Protein is an essential part of any balanced diet. It’s great for building, maintaining, and replacing tissues in your body, especially in your muscles, organs, and immune system. A protein-rich diet helps you feel full longer, so you won’t find yourself snacking on chips and dip three times a day. Protein powders are the next big thing. Surveys show that plant proteins, pea and hemp protein, were found to be the most popular choices among respondents for proteins, and their usage is projected to increase drastically over the next couple years.
Scientists say that proteins look like “a necklace of amino-acid-shaped beads.” Amino acids can be used and reused to make the proteins in your body and help with digestion and heart health. Scientists have found 22 amino acids, 13 of which your body can produce without even thinking about it. The remaining 9 are called “essential amino acids.” Your body cannot naturally generate them and you need get them from the foods you eat.
Meet some of the best plant proteins:
Pea protein is one of most hypoallergenic protein powders. It contains no gluten or dairy, making it easy on the tummy and merciful to bloating. Pea protein produces peptides that delay the emptying of your stomach and the secretion of ghrelin, the hormone that tells your brain you’re hungry. It also decreases the risk of coronary heart disease, increases muscle thickness, and regulates blood pressure and sugar. Pea protein also has a nearly complete profile of amino acids, comparable to soy, which contains eight of the essential amino acids.
Rice protein is another allergen-friendly protein. Here at BumbleBar, we use raw and sprouted rice protein. Rice protein is low fat and low calorie, and has about 24 grams of protein per serving. Like other proteins, rice protein helps with weight loss, lowered cholesterol, and muscle recovery after exercising.
Nuts are another great source of protein. Pumpkin and squash seeds yield the highest amount of protein at 29.8g per 100g, with peanuts coming in at a close second with 24.4g of protein per 100g. Almonds are also awesome. There are 20 grams of protein in just one cup of almonds, and they are also an excellent source of Vitamin E, fiber, and unsaturated fats. Almonds have also been especially helpful in lowering cholesterol.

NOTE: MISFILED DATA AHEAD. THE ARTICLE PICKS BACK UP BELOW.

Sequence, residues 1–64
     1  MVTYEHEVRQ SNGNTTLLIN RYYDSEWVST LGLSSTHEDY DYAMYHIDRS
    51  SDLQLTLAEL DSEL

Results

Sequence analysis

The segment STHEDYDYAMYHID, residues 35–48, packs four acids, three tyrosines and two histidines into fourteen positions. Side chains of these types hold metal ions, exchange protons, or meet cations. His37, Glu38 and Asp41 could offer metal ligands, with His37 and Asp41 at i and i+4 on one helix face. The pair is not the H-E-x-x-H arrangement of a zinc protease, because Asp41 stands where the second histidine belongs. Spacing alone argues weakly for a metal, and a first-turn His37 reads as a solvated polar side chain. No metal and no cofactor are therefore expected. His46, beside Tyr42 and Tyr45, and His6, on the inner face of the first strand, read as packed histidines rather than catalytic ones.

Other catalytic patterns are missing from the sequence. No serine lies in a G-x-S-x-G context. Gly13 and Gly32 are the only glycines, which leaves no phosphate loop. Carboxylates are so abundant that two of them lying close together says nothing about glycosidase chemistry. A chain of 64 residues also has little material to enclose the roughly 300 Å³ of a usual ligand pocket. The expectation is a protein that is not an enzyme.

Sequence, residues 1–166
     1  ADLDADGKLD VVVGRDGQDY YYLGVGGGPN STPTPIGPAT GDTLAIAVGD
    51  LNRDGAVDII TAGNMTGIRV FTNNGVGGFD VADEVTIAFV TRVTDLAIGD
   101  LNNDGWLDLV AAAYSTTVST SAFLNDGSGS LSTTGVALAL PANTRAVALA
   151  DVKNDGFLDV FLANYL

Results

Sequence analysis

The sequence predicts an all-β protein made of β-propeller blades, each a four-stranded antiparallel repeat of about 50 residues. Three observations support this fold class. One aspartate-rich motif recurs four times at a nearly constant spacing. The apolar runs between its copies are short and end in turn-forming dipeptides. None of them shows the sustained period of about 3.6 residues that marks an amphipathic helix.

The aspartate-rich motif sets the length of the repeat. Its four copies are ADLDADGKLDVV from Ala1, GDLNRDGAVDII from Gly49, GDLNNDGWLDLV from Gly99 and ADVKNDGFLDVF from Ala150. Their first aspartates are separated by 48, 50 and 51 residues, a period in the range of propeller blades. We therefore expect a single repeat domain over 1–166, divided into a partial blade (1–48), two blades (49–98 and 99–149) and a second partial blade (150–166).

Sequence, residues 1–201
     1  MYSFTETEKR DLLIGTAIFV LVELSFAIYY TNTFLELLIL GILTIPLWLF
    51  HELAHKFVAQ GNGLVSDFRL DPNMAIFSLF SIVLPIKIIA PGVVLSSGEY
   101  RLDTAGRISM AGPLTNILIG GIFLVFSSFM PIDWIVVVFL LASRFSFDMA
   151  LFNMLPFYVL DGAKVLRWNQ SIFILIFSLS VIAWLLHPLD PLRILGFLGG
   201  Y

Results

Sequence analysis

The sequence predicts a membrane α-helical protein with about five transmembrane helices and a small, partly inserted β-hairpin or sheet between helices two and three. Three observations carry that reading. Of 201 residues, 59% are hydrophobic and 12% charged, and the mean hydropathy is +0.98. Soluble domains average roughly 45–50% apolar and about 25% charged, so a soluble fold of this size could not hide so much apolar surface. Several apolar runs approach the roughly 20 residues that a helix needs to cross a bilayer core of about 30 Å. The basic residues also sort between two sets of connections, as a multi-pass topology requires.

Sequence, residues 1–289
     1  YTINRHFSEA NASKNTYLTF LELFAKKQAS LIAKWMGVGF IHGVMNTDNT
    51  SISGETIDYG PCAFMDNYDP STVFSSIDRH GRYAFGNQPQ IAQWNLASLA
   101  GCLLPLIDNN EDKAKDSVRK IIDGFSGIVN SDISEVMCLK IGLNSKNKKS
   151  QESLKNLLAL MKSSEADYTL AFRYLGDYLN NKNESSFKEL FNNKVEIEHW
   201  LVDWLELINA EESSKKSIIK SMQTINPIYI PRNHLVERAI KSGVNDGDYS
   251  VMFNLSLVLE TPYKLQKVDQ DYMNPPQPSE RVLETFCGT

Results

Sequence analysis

Other high-protein nuts and seeds include flaxseed. Flax contains about 18 grams of protein in one cup, and sesame seeds, which contain about 17g. Even the craziest nut, the coconut, has about 7g of protein per 100g. Nuts and seeds, in general, are a great, low-calorie source of protein and a heart healthy snack.
Hemp protein is gaining fame as a protein powerhouse. This amazing plant includes 20 amino acids, including the nine essential ones your body can’t produce on its own. Being one of the few sources of gamma linoleic acid (GLA), it’s been shown to help people with ADHD and breast pain. Hemp seed oil and powder will not make you high, but it will make you healthy and happy.
Some sources may tell you animal-based proteins are better for your diet because they contain a more “complete” profile of amino acids. However, animal proteins have a higher concentration of sulphur. This sulphur is then metabolized to acid-generating metabolites, resulting in a lower physiological pH. Meat consumption also raises huge environmental and health concerns. Plant-based protein is simply better for you and the environment. Next time you’re jonesing for a heart healthy, environment-happy, tummy-toning snack, look for these great sources of plant protein!